Japan Geoscience Union Meeting 2016

Presentation information


Symbol P (Space and Planetary Sciences) » P-EM Solar-Terrestrial Sciences, Space Electromagnetism & Space Environment

[P-EM16] Physics and Chemistry in the Atmosphere and Ionosphere

Tue. May 24, 2016 5:15 PM - 6:30 PM Poster Hall (International Exhibition Hall HALL6)

Convener:*Yuichi Otsuka(Solar-Terrestrial Environment Laboratory, Nagoya University), Takuya Tsugawa(National Institute of Information and Communications Technology), Seiji Kawamura(National Institute of Information and Communications Technology)

5:15 PM - 6:30 PM

[PEM16-P13] Ionospheric Hole made by the Kwangmyongsong-4 Rocket Launched from Norh Korea on Feb. 7, 2016, and Increase of Thrust of its Second Stage Engine

*Kosuke Heki1, Yuki Nakashima2, Liming He1 (1.Department of Earth and Planetary Sciences, Faculty of Science, Hokkaido University, 2.Department of Natural History Sciences, Graduate School of Science, Hokkaido University)

Keywords:GNSS-TEC, North Korean rocket, ionospheric hole

Exhaust gas from ascending rockets and ballistic missiles bring large amount of water molecule to the ionosphere. Such water molecules receive positive electric charges from atmospheric ions, and their dissociative recombination with ionospheric electrons causes the formation of ionospheric holes (region of low electron density). Ionospheric total electron content (TEC) can be measured by comparing the carrier phases of the two L-band signals from Global Navigation Satellite System (GNSS) satellites, and such GNSS-TEC technique is useful in studying such ionospheric holes (Furuya & Heki, 2008). By analyzing the GNSS data from the dense network of GNSS receivers in Japan (GEONET), Ozeki & Heki (2010) compared ionospheric signatures by the two ballistic missiles launched from eastern North Korea, i.e. the 1998 Taepodong-1 and the 2009 Taepodong-2, and inferred their difference in thrusts. In 2012 December, a rocket, Unha-3, was launched southward from a launch pad in northwestern part of North Korea, and Nakashima & Heki (2014) studied the ionospheric hole made above the Yellow Sea/the South China Sea by the second/third stage engine of the rocket using a GLONASS (the Russian GNSS) satellite.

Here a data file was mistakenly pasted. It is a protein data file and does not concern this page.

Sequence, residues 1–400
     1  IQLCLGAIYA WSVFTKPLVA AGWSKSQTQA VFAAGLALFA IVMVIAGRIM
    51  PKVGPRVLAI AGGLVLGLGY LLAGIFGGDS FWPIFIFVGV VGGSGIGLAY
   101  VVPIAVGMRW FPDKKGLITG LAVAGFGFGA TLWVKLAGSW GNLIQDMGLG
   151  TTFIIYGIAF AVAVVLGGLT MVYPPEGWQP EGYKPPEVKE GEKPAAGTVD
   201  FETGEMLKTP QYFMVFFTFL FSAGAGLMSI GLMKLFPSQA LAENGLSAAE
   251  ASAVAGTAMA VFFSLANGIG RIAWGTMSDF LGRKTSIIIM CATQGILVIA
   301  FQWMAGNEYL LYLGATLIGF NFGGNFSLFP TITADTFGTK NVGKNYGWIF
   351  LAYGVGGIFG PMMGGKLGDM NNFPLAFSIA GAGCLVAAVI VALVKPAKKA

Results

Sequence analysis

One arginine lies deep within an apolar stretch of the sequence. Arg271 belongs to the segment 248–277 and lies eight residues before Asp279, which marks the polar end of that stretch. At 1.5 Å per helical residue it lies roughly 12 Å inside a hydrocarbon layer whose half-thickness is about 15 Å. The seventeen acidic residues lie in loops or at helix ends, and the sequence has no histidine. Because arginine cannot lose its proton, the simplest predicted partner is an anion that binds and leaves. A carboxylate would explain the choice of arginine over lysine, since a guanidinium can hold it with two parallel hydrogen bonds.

On February 7th, 2016, a new rocket Kwangmyongsong-4, was launched southward from the same launch pad at 9:31 JST (0:31 UT), and succeeded in putting an earth-observing satellite (KMS-4) into orbit. Here we studied the ionospheric hole made by this launch. Unlike the previous case, we could detect clear hole signatures with multiple satellites of both GPS and GLONASS. The hole emerged at 6-7 minutes after the launch, and its position and emergence time were similar to the previous 2012 case. However, the areal extent and the amount of TEC decrease were much more in the 2016 case. In the attached figure, we compare the TEC time series observed with GPS Satellite 29 from GEONET stations in western Kyushu, together with the past three cases. Clearly, the TEC decreases in the 2016 case are much larger than the past cases.
In all the rocket (missile) launches from North Korea, the first stage engine did not reach the ionospheric height, and it was the second stage engine that made the ionospheric holes (Ozeki & Heki, 2010). The overall figure of the present Kwangmyongsong-4 rocket looks quite similar to the previous Unha-3, but its payload (satellite) is suggested to be larger in size than the 2012 case. The thrust of the second stage engine may have been made more powerful to put this relatively large satellite into orbit. However, the vertical TEC above the Yellow Sea in the present case was ~30 TECU, which is twice as large as in the 2012 launch, and the comparison of the thrust in the two cases may need a more quantitative discussion.
Furuya, T. and K. Heki, Ionospheric hole behind an ascending rocket observed with a dense GPS array, Earth Planets Space, 60, 235-239, 2008.
Nakashima, Y. and K. Heki, Ionospheric hole made by the 2012 North Korean rocket observed with a dense GNSS array in Japan, Radio Sci., 49, doi:10.1002/2014RS005413, 2014.
Ozeki, M. and K. Heki, Ionospheric holes made by ballistic missiles from North Korea detected with a Japanese dense GPS array, J. Geophys. Res., 115, A09314, doi:10.1029/2010JA015531, 2010.
Figure caption: TEC time series in the 2016 February launch of Kwangmyongsong-4 from North Korea are compared with the past three cases, i.e. the 1998 Taepodong-1, the 2009 Taepodong-2, and the 2012 Unha-3 launches. The 2016 case shows much larger TEC decreases than these past launches.